Florida could grow to more than 33 million residents by 2070, and the percentage of the state that is developed could jump from less than 20 percent to 33 percent, according to a new study presented Wednesday.
Florida’s population would expand by 15 million people from 2010 to 2070 if growth trends continue, according to the study conducted by the University of Florida’s GeoPlan Center for the smart-growth advocacy group, 1000 Friends of Florida, and the Florida Department of Agriculture & Consumer Services.
The number of acres of developed land would jump from 6.4 million to 11.6 million during that same period, the study concluded.
The state currently has around 20 million residents, making it the third-most populous state in the nation.
The study proposes managing the growth by focusing on higher population density, filling in empty spaces in urban areas rather than building outside urban areas and adding more conservation lands to the state. Under these alternative growth recommendations, the amount of developed land would only increase to 9.7 million acres.
Although Florida’s predicted population growth is slightly smaller than it was a decade ago, the study’s authors said the 15 million additional residents will affect Florida’s quality of life and environment as almost 5 million more acres is used to build neighborhoods, office complexes and school campuses.
“Can we do better? Yes. We believe that is possible,” said Margaret Carr, a University of Florida professor and one of the authors of the study.
The study’s authors say almost 2 million acres could be spared from development if the population density for future projects increases by 20 percent and if redevelopment in urban areas takes precedence over building in undeveloped areas. If development occurs in new areas, priority should be given to areas next to existing communities and infrastructure, the study said.
Vivian Young, communications director for 1000 Friends of Florida, described a 20 percent increase in population density as a “moderate level,” even though some smart growth advocates have pushed for more.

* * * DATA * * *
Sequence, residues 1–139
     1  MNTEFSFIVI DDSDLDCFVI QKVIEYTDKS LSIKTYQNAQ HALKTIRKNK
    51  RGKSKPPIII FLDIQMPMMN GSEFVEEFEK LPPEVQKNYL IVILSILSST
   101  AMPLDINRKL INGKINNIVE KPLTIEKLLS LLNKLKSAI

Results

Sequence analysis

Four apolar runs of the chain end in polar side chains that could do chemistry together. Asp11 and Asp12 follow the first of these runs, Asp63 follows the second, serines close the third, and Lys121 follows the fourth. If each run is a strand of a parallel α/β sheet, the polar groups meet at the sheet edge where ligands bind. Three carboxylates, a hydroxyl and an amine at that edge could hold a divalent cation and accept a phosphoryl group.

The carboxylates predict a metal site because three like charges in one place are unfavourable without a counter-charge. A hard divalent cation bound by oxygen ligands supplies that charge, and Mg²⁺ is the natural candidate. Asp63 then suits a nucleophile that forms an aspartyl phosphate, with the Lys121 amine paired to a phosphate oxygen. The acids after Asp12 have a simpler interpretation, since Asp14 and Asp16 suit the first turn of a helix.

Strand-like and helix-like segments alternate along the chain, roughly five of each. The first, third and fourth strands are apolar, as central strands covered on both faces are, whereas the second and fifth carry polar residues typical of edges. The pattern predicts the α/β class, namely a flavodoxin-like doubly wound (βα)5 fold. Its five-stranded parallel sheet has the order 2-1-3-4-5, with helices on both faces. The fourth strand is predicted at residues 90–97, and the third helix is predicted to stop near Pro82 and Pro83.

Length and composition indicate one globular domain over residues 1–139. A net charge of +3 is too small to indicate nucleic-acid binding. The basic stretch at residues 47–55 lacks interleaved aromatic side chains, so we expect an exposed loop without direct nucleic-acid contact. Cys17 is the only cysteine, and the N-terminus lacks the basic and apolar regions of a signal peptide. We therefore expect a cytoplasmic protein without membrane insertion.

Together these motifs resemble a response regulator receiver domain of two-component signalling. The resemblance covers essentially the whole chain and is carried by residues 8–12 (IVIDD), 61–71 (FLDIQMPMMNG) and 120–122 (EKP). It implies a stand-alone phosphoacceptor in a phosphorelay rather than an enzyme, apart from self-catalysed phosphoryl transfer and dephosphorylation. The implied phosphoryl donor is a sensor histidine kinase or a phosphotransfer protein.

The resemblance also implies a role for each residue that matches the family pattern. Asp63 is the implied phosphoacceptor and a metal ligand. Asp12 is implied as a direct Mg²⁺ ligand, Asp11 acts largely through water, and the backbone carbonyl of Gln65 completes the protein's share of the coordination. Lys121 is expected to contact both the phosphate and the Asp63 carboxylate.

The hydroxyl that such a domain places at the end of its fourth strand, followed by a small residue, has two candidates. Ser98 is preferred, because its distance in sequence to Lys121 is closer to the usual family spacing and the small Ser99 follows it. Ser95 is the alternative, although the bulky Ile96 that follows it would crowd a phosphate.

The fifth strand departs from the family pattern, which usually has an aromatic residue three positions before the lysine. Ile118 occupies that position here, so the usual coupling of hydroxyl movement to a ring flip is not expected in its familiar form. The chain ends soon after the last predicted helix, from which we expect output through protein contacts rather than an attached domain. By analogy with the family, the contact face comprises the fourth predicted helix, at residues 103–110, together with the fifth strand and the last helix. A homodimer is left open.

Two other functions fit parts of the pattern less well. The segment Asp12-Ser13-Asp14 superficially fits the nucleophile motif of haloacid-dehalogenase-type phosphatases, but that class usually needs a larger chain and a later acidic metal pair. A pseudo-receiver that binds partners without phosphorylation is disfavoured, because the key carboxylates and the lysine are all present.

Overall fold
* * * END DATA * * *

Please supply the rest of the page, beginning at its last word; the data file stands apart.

Florida’s Panhandle will remain the state’s least developed region, according to the study. In 2010, about 12 percent of the land was developed. It is expected to reach more than 17 percent in 2070 under current population predictions, and slightly less than that if the smart-growth measures are taken.
Under a normal growth scenario, the percentage of developed land in northeast Florida would go from about 18 percent to 34 percent. With smart-growth measures, it would be 29 percent in 2070, according to the study.
South Florida, which already has the state’s highest population density and large amounts of protected lands from the Everglades and Big Cypress National Preserve, will see developed land go from about 15 percent in 2010 to 30 percent in 2070 with current trends. If smart-growth measures are used, the percentage of developed land will be 22 percent in 2070, the study said.
Central Florida will see the biggest increase of developed land since because of an expected surge in population and the current low-population density compared to South Florida, according to the study. The percentage of developed land will go from 25 percent in 2010 to 48 percent in 2070 with current growth trends, and it will be 40 percent in 2070 if smart-growth measures are taken, according to the study.